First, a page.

On Sunday 22 November 2015 members of the Africa Southeast Africa Area gathered at their stake centres for a special stake conference that was broadcast to the whole Area from Salt Lake City. Elder Quentin L Cook of the Quorum of the Twelve Apostles presided at the meeting. Elder L Whitney Clayton, the senior president of the Seventy, conducted the meeting.
Elder Carl B Cook, the Area president, was the first speaker. He reminded us that obedience brings blessings, and shared with us the story of Frederick from Uganda. Frederick paid his tithing, even though it was all the money he had left. He went home hungry, with no food at home. When he arrived, he noticed that his neighbour had left a bowl of food on his windowsill. She told him that she felt that he needed food. The Lord will bless us as we pay our tithing. Our faith will increase and our burdens will be lightened. When encouraging us to attend tithing settlement with our Bishop, Elder Cook said, “Do it. Do it.”
Elder Clayton taught us that keeping the Sabbath day holy helps us keep sacred covenants and is integral to our being blessed. He also taught that we must choose to be self-reliant, and as we do, we will be able to care for ourselves and our families, and then help others. We can qualify for the Lord’s help by working, and paying tithing. Then He will open the windows of heaven and pour out a blessing upon us.
Sister Cheryl Esplin, first counsellor in the General Primary Presidency, reminded us to build on the Rock, which is Christ. If we build on it, we cannot fail, and when the storms come, we will stand firm. Parents are to help their children build a steadfast faith. Are the life and teachings of Christ embedded in our children’s minds? She encouraged us to speak of Christ more frequently and assured us that the Spirit would accompany our words.
1. Missionary work: Peace doesn’t come from pursuing worldly objectives. More young people need to be encouraged to serve missions: it is a priesthood duty.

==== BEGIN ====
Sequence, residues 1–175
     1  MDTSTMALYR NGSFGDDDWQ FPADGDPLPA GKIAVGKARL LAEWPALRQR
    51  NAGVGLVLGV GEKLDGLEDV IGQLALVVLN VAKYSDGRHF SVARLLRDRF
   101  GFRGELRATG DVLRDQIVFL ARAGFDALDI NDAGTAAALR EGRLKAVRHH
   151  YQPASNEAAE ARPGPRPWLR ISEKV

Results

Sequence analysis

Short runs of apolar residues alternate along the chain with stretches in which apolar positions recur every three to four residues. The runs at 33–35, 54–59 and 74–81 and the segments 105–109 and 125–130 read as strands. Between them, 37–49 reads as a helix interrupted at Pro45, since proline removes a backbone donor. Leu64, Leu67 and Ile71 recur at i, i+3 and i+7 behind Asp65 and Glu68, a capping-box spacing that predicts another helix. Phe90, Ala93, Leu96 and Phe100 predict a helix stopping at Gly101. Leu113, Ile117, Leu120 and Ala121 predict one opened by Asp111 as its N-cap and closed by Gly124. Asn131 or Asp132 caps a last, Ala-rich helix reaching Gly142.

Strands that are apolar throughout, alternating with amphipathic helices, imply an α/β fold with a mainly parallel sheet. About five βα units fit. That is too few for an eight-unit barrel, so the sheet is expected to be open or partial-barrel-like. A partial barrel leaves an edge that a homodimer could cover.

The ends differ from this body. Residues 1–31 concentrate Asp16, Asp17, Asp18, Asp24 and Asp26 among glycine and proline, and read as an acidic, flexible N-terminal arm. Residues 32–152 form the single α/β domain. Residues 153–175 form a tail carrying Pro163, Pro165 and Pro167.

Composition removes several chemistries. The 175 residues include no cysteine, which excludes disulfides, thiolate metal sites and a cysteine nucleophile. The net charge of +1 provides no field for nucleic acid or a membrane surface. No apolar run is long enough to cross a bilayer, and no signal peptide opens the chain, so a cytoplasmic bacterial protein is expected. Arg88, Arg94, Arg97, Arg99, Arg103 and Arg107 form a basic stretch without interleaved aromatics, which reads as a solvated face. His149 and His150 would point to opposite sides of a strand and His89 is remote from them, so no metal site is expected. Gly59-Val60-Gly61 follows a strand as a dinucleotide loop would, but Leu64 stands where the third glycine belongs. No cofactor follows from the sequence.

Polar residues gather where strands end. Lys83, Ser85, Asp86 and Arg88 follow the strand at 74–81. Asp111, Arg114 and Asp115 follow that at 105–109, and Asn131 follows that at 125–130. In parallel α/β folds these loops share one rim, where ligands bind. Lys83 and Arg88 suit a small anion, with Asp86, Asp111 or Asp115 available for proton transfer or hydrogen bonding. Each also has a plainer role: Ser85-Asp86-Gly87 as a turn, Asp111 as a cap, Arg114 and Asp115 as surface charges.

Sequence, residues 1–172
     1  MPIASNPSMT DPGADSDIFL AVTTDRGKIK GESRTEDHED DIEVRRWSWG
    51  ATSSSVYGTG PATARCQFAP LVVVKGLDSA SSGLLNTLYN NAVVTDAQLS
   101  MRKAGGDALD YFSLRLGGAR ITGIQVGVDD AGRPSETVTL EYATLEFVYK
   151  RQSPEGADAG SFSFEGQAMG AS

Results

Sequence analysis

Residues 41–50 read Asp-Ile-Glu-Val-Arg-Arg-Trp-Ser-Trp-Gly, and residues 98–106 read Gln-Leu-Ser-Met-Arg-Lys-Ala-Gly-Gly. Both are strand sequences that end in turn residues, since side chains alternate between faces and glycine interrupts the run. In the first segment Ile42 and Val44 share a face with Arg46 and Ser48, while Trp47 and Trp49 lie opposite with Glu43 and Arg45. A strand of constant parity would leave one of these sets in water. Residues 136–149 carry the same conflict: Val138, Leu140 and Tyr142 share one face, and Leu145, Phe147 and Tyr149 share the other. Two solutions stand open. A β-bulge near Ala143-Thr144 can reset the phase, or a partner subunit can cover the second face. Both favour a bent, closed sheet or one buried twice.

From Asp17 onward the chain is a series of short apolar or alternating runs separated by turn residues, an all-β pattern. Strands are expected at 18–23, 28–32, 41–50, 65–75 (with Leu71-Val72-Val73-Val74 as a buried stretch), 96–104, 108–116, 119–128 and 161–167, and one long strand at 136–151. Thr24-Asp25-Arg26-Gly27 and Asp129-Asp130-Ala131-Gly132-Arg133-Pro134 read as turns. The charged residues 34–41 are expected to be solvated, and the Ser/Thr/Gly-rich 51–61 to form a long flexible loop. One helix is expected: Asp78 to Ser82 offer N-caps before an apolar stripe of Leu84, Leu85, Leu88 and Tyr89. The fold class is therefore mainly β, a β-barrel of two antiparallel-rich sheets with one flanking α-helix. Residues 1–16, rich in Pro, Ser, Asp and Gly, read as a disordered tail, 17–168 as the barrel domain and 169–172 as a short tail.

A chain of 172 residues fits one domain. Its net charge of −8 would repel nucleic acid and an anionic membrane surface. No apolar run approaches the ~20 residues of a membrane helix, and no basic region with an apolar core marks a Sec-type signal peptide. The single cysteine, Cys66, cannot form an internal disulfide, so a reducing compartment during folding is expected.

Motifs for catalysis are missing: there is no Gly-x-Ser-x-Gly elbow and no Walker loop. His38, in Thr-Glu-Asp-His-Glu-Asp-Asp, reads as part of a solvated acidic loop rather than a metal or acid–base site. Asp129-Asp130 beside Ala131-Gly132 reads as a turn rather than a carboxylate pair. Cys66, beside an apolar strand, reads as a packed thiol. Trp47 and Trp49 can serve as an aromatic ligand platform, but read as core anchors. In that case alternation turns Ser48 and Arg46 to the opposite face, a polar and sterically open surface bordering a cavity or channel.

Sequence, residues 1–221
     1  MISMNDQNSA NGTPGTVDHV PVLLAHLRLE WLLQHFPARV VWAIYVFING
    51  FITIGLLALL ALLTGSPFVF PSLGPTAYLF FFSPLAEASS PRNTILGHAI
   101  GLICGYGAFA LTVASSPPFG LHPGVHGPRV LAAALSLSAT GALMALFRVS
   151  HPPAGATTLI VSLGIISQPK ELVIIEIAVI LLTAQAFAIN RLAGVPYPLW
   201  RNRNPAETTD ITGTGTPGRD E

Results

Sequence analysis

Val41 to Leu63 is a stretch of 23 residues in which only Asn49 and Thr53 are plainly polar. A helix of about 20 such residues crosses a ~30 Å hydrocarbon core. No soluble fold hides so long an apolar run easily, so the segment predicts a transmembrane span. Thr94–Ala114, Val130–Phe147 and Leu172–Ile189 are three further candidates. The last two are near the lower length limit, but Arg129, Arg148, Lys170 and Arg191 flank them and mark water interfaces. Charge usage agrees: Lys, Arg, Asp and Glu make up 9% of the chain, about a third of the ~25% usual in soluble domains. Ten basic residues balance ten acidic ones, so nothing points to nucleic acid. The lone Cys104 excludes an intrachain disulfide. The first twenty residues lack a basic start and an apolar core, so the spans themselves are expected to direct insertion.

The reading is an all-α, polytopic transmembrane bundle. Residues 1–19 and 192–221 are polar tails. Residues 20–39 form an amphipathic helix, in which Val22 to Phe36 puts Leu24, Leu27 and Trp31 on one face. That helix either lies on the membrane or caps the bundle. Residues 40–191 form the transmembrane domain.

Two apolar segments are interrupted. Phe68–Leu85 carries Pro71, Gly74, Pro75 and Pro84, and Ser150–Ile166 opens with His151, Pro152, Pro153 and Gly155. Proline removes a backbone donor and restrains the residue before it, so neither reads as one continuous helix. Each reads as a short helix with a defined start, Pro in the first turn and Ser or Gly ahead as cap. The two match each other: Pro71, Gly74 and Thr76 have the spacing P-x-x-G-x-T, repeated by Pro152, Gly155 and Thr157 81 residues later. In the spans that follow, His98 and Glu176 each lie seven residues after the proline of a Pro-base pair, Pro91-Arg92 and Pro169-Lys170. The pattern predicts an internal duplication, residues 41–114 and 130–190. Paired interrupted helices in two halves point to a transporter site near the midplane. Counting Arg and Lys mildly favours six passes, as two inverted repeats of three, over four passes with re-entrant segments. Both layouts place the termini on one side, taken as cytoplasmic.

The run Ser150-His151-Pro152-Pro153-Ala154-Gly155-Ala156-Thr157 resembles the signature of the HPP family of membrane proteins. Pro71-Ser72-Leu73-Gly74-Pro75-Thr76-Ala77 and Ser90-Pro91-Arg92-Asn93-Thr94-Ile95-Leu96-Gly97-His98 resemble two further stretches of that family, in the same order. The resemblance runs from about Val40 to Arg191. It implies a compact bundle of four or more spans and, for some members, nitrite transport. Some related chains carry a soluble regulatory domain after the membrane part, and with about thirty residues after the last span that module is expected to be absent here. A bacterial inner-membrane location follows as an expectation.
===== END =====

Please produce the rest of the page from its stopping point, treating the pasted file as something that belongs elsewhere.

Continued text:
2. Sacrament meetings and the Sabbath day: Make the Sabbath a delight. Let it be a sign of our devotion to God. Keeping it a holy day will help to keep us unspotted from the world. Families can counsel together on how to achieve these objectives.
3. Temple and family history work: We cannot be made perfect without our ancestors, nor can they without us. Youth will have greater protection from the adversary as they participate in this work. The Sabbath is a good time to do it.
Newton Senyange of Uganda had this to say after the conference: “The meeting was a powerhouse! Elder Renlund taught me a great perspective about sisters and their role in building the Lord’s kingdom. As leaders we should work with them. Paying tithing takes faith. I feel that we will be rescued from poverty as we obediently pay an honest tithe.”
Marcell Noble of Namibia: “I have realised once again the importance of the women in the church and the home. I cannot magnify my church calling without my wife next to me.”
Nourcel Kaniki of Democratic Republic of Congo: “There were very important messages for us, especially regarding self-reliance, and using women in the church. I learnt about the importance of the priesthood as an umbrella to protect the family.”
Freddy Ntiranyibagira of Burundi: “Because of challenges that I face, I sometimes have a problem paying tithing on time, but I have a testimony of paying it, and am now committed to paying it. It will come first, not second.”
Sifelani Mananga of Zimbabwe: “I was impressed by Elder Carl B Cook telling us to follow the still, small voice to pay tithing, no matter what your circumstances may be. He also reminded us that obedience brings blessings. As Elder Quentin Cook said, pursuing worldly objectives won’t bring peace.”
By Collette Burgoyne